An elegant prairie grass for formal landscapes
Nebraska Statewide Arboretum
Prairie dropseed, Sporobolus heterolepis, is one of the most elegant prairie grasses for the landscape, and also one of the most dependable. It has a graceful, weeping habit and shiny, ribbon-like leaves. The common name refers to the teardrop shape of the seed.
The genus Sporobolus combines the greek “sporos” meaning seed with “bolos” for throwing, referring to the ease with which ripe seed are pushed from the base of the grass spikelet. The seeds are very nutritious and a favorite of some birds. There are nine species of dropseed native to Nebraska – two annuals and seven perennials. All are useful in restoration plantings but prairie dropseed, Sporobolus heterolepis, is the one that deserves a space in any modern landscape.
By mid-spring, several weeks earlier than other warm season prairie grasses, it forms a dense tuft of bright green foliage with a very soft appearance. The fresh new growth combines well with spring-flowering plants like dwarf iris and pasque flower. Though it takes several years to grow into a mature plant, it doesn’t need dividing and doesn’t die-back from the center. By mid-summer it forms an attractive, fountain-like mound of foliage up to 2 feet high and wide. It is attractive enough for a formal garden or can be planted in large groupings for a prairie-style lawn or meadow garden. In late summer into fall, the foliage can turn orange to copper. Airy, open flower panicles high above the foliage emit a pungent fragrance when bruised, often described as a combination of cilantro and fresh popcorn. The scent is faint, but noticeable even when passing by a mass of seedheads on a cool, dewy morning.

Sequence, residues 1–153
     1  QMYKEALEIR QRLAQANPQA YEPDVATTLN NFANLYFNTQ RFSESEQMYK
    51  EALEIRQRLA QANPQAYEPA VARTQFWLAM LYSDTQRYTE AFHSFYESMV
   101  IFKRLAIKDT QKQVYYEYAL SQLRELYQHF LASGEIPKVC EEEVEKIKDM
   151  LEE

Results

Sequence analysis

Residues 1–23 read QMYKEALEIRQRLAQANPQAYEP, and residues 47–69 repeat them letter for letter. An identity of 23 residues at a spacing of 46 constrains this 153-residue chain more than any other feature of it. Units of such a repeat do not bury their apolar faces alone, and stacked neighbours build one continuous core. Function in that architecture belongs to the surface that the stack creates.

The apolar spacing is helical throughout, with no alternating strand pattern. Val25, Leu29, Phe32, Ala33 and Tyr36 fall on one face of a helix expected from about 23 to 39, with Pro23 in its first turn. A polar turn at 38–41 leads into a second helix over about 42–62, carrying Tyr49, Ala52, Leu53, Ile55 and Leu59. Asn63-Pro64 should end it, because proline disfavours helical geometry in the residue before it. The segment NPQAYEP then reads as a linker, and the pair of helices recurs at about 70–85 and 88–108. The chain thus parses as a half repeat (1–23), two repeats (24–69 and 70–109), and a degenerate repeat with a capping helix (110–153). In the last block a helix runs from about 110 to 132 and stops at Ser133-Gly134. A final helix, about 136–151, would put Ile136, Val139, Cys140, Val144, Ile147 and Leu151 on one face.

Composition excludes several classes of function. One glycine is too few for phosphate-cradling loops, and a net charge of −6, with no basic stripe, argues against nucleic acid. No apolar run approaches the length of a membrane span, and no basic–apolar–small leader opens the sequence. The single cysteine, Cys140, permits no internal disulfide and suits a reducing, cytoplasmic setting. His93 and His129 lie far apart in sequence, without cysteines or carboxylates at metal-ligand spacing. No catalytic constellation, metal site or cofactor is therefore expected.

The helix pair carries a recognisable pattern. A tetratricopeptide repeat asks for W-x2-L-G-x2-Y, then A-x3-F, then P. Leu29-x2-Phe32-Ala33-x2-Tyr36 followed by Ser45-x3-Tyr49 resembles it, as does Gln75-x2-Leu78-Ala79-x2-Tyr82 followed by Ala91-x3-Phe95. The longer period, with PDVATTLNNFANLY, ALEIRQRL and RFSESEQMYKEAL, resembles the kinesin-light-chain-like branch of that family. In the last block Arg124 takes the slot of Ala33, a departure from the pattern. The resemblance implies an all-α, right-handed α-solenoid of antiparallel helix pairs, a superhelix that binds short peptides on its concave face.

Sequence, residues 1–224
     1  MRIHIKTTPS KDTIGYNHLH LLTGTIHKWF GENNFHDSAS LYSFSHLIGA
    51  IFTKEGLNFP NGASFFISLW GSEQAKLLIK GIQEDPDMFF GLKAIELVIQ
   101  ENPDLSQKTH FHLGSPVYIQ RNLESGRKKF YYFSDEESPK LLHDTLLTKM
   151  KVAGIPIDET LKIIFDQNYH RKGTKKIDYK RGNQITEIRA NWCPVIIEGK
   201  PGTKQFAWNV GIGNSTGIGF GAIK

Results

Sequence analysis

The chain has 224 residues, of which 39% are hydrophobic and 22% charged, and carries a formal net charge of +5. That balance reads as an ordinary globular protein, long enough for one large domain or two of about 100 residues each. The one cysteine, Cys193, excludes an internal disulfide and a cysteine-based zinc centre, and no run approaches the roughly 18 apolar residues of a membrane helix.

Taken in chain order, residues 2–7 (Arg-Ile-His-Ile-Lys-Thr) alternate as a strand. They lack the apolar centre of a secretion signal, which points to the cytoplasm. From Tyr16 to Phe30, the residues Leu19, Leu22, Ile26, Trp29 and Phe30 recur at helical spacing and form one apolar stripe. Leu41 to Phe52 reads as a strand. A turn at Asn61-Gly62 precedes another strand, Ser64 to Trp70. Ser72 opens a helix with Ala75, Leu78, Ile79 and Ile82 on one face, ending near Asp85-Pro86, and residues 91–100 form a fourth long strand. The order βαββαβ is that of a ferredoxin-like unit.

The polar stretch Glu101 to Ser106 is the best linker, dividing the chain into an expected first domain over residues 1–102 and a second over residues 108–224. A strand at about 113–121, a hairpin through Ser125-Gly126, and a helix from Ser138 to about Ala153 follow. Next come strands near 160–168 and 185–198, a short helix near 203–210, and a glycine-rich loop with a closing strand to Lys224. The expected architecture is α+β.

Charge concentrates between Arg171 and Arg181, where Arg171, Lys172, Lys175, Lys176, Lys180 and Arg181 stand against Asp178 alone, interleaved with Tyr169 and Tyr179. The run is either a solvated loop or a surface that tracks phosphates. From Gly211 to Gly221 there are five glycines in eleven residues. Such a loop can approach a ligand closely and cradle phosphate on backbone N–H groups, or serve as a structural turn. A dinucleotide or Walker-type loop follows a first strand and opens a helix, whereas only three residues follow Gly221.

This grass will reward you with a veil of abundant seedheads when planted in full sun and improved soils. It will grow well in part-shade and clay or sand, but flowering and fall color may be reduced. For plants growing in harsh, dry areas or during extreme droughts, provide extra water during the summer months to improve flowering. It makes an outstanding border plant and a complement to perennials with strong upright growth or those with broad foliage.
Prairie dropseed looks great in combination with vertical plants such as shell-leaf penstemon or gayfeathers, or as a border plant to hide the bare legs of leadplant or prairie asters. The veil of mist-like flowers combines well with other mid to late summer bloomers like nodding pink onion and stiff goldenrod.
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From June through September, John Etchart spends most of the day driving a tractor through hayfields below the mountains near Meeker in northwestern Colorado.